Women, especially older women, often feel invisible. Like many women, I spoke out in the 1960s. I pushed hard to build a career in a 'man's world' and I started the Sixty and Me community to give women over 60 a voice. But, even though I value my voice and believe that women have every right to be heard, I have to admit, there are times when I love my cloak of invisibility.
The standing joke in my family is that I love the dog most of all. I don't actually think that's true -- at least not all of the time -- but there is certainly something to be said for the dog always being happy to see me and giving me his unconditional love. And so, with much affection and in good humor please, I offer this list of 8 things I tell the dog that I don't say to my husband.
'It takes all kinds.' That's what my mother used to say with a shrug every time she encountered someone who behaved in a way she found offensive. I'm a bit less tolerant than Mom was. For the occasions when forgiveness eludes me, I have created a few new Circles of Hell that Dante may have missed. Please add your own contributions in the comments below; here's my list.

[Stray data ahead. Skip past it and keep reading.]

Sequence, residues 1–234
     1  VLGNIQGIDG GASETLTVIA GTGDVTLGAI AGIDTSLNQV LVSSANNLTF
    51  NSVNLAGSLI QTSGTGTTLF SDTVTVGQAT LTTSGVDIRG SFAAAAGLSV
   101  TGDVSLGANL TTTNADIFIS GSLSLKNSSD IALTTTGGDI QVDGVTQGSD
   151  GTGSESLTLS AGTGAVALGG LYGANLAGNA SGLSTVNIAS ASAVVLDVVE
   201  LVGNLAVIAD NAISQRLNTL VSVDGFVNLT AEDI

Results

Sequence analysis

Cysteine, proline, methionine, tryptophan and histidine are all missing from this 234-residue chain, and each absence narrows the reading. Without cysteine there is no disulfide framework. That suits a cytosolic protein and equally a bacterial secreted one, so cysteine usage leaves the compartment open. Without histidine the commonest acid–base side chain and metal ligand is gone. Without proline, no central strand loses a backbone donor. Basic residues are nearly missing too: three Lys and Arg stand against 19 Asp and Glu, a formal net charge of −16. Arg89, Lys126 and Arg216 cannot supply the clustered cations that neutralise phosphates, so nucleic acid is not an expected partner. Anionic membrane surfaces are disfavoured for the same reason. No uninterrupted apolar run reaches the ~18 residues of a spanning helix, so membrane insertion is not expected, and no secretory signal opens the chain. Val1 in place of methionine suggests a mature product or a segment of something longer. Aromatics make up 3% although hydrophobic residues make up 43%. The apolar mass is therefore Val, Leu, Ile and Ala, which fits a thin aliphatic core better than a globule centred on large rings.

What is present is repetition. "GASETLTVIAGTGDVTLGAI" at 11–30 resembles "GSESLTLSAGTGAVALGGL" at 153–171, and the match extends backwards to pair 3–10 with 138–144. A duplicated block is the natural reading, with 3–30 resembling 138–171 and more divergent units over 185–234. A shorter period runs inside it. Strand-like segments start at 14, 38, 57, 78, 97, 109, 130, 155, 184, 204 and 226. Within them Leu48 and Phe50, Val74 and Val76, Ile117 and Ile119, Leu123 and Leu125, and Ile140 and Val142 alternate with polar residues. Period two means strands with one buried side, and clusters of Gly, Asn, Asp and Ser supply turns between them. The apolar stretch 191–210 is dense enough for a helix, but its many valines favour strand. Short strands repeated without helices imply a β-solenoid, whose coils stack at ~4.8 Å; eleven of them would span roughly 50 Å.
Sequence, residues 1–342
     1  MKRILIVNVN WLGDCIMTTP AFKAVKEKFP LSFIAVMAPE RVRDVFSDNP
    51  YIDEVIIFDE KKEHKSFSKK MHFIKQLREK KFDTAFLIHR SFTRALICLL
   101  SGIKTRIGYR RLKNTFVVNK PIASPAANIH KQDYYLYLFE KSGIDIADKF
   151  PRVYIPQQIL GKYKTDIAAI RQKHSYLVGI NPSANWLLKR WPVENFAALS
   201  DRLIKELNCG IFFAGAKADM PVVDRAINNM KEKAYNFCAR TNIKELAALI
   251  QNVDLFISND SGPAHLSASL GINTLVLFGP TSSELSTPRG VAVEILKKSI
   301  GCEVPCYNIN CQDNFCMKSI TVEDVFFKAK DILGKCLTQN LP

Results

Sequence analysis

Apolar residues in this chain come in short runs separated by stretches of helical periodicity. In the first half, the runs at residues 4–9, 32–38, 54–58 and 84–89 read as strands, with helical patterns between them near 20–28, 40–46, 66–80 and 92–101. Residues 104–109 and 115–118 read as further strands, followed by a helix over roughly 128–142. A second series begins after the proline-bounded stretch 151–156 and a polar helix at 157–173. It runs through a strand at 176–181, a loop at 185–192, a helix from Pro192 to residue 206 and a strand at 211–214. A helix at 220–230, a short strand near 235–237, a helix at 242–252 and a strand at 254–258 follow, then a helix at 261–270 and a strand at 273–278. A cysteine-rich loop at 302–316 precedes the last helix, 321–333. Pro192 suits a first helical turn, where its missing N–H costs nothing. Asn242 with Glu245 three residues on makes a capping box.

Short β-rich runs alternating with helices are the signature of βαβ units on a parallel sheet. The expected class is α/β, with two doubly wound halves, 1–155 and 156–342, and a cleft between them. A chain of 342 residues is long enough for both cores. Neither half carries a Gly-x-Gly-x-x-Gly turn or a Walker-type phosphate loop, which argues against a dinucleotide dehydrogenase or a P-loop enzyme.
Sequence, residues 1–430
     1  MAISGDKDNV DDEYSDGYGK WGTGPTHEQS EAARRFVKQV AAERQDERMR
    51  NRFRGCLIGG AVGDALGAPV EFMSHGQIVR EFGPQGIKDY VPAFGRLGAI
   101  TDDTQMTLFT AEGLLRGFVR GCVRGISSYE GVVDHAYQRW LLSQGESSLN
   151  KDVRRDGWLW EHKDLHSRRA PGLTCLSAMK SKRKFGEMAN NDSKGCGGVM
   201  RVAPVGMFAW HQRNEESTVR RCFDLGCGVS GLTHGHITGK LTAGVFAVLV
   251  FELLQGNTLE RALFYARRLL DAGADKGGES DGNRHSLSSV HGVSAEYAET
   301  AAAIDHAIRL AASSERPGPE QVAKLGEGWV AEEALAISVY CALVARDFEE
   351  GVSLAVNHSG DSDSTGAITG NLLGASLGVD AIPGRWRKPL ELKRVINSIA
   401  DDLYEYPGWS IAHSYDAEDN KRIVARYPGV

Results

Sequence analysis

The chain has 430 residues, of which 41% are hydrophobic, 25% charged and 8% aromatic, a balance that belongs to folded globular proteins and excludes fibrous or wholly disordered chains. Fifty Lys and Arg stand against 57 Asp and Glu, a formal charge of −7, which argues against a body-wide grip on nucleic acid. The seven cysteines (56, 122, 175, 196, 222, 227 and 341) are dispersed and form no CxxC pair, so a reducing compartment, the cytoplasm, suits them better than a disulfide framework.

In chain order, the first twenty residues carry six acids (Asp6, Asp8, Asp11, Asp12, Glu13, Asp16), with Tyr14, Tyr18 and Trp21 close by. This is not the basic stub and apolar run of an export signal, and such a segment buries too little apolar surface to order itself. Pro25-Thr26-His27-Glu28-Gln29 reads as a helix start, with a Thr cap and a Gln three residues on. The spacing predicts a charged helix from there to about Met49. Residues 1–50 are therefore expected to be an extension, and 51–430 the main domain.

The really tricky part about retirement -- once you get passed whether you can even afford it -- is figuring out what you actually do with your time every day. My husband probably spent every day of his work life dreaming about a retirement where he sat in his easy chair watching endless baseball games on TV with a remote in one hand and a can of Diet Coke in the other.
In fifth grade, my BFF Diane dumped me for some girl named Helen. Diane and I had been inseparable for years and it took me what felt like forever to get over feeling betrayed. I agonized over what I had 'done' to deserve such mistreatment, and spent months eating my lunch alone under 'our' tree on the playground.
Enemies, depending on the degree to which you empower them, can rule -- and ruin -- your life. They make your kid not want to play on the soccer team anymore. They make your mother want to skip the dining room and eat in her room at the assisted living place. They make you dread going to office meetings where they seem intent on undermining everything you say.
When I was single and in my 20s, I loved traveling alone. Traveling with friends required compromises I resented having to make: They wanted to sleep til noon while I rose with the sun raring to go; they preferred booking tours to eliminate any uncertainties while I liked using public transportation for self-guided exploration.